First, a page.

We only get one shot at this life, but if it’s done right, once is enough. Consider the amount of time wasted discussing, dissecting, lamenting, and surveying all the things in this world that need to be fixed, corrected, reconciled, and rebuilt. Instead, spend that same time and energy fixing, repairing, reconciling, and rebuilding. Bountiful reaping comes to those who seek to be the answer, not the analyst; the solution and not the problem.
“So then each one of us will give an account of himself to God” (Romans 14:13).
The chase to get ahead finds many padding their resume; exaggerating and/or falsifying their academic and professional achievements to gain a position. A resume reflects a person’s ambitious side—the desire to build, create, win, and have status. Knowing that, ultimately, only One opinion matters in the evaluation of our life, we do well to pursue those virtues and qualities that make for a good obituary. Having performed over 400 funeral services, from paupers to CEO’s, two observations have emerged—all end up in the same size grave and, secondly, graveside conversations regarding the deceased reflect upon the type of person they were, not the titles they held.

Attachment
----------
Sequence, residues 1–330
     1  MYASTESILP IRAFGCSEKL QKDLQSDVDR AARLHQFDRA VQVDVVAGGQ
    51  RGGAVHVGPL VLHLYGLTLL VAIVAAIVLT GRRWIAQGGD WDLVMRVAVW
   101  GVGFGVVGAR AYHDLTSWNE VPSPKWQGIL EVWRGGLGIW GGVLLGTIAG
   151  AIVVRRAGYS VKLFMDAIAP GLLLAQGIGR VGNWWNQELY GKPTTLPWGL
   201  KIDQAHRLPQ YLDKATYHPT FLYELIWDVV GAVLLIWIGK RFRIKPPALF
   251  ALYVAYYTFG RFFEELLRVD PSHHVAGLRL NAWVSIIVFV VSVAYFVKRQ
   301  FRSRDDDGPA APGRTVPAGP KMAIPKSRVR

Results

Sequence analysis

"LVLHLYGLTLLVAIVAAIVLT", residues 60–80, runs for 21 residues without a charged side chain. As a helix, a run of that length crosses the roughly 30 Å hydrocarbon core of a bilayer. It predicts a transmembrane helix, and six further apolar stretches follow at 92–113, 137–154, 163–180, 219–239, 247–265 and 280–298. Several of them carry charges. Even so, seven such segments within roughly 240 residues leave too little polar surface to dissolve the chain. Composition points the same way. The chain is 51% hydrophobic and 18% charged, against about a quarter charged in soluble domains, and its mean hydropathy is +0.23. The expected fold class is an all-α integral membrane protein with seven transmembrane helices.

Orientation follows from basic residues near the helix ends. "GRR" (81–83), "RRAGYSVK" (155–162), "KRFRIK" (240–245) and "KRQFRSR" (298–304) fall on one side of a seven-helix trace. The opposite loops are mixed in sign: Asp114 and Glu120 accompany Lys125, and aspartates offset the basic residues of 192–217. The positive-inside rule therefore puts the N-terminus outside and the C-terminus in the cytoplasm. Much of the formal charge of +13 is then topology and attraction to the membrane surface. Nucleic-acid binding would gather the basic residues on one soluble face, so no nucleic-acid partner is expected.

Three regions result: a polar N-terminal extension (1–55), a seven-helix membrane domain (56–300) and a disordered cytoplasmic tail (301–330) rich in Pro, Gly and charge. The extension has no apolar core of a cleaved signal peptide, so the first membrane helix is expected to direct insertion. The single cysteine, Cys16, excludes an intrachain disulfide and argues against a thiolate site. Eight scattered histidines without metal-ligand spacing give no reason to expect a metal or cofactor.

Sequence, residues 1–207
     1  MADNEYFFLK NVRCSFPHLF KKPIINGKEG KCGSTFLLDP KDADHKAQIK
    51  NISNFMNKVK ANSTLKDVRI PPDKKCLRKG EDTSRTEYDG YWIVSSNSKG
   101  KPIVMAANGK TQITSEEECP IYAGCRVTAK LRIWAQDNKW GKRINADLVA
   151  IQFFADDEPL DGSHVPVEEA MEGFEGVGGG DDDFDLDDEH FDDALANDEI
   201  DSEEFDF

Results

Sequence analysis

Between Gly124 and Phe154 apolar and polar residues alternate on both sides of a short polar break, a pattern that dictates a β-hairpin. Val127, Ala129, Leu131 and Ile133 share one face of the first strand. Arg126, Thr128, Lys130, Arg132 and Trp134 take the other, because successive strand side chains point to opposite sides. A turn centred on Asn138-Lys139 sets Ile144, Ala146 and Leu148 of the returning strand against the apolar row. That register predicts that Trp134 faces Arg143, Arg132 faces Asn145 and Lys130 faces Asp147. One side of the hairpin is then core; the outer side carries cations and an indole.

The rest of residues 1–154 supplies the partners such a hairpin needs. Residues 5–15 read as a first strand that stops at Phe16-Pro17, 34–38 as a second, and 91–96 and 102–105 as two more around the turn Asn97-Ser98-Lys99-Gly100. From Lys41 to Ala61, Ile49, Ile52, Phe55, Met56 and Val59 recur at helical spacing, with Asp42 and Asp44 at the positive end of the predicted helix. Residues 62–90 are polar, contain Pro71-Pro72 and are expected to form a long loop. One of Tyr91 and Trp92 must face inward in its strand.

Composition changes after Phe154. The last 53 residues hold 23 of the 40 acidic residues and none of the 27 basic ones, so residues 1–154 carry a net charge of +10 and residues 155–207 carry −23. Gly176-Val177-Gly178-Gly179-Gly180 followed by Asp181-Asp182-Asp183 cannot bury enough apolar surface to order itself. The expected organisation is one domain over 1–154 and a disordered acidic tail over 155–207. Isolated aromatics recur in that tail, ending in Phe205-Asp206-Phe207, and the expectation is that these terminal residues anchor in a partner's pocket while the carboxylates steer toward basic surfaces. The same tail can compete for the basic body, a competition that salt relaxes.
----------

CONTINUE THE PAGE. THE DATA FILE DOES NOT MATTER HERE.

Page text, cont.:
“Lord, make me to know my end and what is the extent of my days; let me know how transient I am” (Psalm 39:4).
David’s request “to know my end” and “the extent of my days” expresses a desire to know the precise day of his death and the definitive number of days leading to it. While he’s asking for the impossible, that which cannot be known, it does lend itself to other possibilities. Knowing that I’m going to die does not cripple me but, rather, it compels me to live each day fully; to squeeze the life out of every nonrenewable moment; to prioritize my life in a way that makes the greatest impact on the world around me and honors the God who gives life. The possibilities are staggering.
“But encourage one another day after day, as long as it is still called ‘Today,’ so that none of you will be hardened by the deceitfulness of sin” (Hebrews 3:13).